Resnick argues that it is entitled to summary judgment dismissing plaintiff's Labor Law§ 200 and common law negligence claims as it did not create or have notice of the alleged dangerous condition, the wet roof. In support of this position, Resnick points to the testimony of plaintiff, as well as Standard's foreman— both of whom testified that they had not complained of any leaks to Resnick. Additionally, Resnick avers that plaintiff's own testimony reveals that it was his responsibility to sweep water from the roof and that he had, in fact, pushed away the water with a broom prior to his accident. Resnick further points to plaintiff's testimony that at the time of his accident, there was no standing water or puddle on the roof, it was just wet after the water had been swept away. Resnick maintains that there is no definitive evidence regarding where the water came from, pointing to plaintiff's testimony that it had rained the day prior to his accident and also his testimony that the water tank was leaking. Resnick points out that the tank could have been leaking due to the prior days rain and not due to a hole in the tank.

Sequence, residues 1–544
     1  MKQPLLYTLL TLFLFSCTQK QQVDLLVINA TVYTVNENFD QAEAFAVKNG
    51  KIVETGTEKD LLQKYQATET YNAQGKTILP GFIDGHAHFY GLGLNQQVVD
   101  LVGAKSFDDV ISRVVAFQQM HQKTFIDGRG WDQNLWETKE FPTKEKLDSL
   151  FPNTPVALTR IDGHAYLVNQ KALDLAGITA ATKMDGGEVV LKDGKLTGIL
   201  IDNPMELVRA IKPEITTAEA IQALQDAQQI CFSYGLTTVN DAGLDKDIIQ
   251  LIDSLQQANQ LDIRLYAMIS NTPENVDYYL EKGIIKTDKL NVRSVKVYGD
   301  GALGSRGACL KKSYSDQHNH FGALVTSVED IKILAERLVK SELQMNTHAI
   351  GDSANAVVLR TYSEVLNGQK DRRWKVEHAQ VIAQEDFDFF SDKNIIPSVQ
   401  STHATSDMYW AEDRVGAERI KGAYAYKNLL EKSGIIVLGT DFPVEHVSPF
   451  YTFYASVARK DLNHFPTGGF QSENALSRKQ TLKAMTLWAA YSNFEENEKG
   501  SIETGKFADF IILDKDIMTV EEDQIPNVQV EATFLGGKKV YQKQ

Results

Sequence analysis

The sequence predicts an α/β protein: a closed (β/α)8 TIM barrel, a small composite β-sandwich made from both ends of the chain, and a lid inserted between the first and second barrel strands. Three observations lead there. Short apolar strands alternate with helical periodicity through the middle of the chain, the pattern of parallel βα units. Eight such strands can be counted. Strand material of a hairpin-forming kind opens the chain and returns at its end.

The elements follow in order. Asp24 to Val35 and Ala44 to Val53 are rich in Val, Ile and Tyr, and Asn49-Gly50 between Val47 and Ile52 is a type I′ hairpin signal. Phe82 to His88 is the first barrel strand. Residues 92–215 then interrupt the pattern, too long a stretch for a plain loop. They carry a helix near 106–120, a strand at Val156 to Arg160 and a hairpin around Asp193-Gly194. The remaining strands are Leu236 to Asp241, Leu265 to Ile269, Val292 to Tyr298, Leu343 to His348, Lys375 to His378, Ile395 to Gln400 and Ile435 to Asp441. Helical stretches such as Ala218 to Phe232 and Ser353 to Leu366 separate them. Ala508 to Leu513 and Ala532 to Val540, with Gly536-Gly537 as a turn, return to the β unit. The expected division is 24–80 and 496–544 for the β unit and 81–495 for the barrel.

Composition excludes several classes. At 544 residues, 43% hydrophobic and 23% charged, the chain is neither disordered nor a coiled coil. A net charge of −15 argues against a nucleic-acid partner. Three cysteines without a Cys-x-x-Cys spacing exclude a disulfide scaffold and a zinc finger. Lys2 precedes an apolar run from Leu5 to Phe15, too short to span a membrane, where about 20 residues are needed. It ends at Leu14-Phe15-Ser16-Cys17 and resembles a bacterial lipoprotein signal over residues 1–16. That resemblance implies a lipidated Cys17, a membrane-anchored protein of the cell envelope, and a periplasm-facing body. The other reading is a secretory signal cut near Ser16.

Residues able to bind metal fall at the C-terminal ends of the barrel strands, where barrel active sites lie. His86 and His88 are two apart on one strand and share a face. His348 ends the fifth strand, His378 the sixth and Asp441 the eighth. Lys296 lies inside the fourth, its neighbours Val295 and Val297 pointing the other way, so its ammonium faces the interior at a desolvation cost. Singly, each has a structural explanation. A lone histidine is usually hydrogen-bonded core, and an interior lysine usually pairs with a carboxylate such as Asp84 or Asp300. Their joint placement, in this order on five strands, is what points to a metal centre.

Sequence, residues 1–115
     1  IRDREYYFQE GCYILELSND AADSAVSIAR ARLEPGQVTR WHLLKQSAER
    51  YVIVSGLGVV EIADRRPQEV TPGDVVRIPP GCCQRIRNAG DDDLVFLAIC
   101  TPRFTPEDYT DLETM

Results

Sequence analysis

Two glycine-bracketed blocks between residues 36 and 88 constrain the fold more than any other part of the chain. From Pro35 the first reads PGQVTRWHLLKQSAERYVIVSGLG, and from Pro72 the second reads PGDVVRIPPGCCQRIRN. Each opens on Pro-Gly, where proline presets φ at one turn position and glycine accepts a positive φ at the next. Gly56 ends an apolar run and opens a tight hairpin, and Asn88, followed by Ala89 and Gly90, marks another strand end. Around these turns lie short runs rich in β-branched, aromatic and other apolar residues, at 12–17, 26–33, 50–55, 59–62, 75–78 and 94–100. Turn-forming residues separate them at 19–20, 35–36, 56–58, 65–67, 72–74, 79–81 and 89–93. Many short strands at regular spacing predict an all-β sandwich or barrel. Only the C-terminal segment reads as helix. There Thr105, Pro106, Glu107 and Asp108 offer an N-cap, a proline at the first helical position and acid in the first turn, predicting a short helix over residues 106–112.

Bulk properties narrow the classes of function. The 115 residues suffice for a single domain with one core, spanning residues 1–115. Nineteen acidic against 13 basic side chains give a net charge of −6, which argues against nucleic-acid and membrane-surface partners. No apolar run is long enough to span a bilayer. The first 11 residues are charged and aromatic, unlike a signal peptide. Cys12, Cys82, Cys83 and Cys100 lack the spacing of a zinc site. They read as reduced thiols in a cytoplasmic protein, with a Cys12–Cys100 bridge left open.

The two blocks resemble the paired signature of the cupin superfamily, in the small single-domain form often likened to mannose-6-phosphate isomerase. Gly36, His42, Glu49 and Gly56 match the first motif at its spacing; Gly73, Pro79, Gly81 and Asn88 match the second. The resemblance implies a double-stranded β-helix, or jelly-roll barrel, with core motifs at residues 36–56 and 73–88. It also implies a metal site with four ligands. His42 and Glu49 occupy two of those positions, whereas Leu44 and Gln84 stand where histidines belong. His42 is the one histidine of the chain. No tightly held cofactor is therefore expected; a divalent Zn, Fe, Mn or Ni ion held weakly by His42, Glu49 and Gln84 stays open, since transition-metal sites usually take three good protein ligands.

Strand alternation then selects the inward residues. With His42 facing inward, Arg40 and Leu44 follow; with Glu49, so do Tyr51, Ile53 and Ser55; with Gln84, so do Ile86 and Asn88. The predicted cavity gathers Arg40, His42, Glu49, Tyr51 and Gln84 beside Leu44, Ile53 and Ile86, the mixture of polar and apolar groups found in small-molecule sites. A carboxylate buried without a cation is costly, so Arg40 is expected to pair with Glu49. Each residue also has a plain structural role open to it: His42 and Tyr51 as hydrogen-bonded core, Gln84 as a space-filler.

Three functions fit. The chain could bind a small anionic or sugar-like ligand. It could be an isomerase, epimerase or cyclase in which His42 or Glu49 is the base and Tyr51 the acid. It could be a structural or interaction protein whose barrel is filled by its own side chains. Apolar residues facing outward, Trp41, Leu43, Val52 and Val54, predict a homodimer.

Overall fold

In opposition, plaintiff argues that he testified that he first noticed the water leaking from the water tank a couple of days before his accident. Thus, he maintains that issues of fact exist as to whether the condition existed for a sufficient time and was readily discoverable so as to place Resnick on constructive notice of the dangerous wet condition of the roof.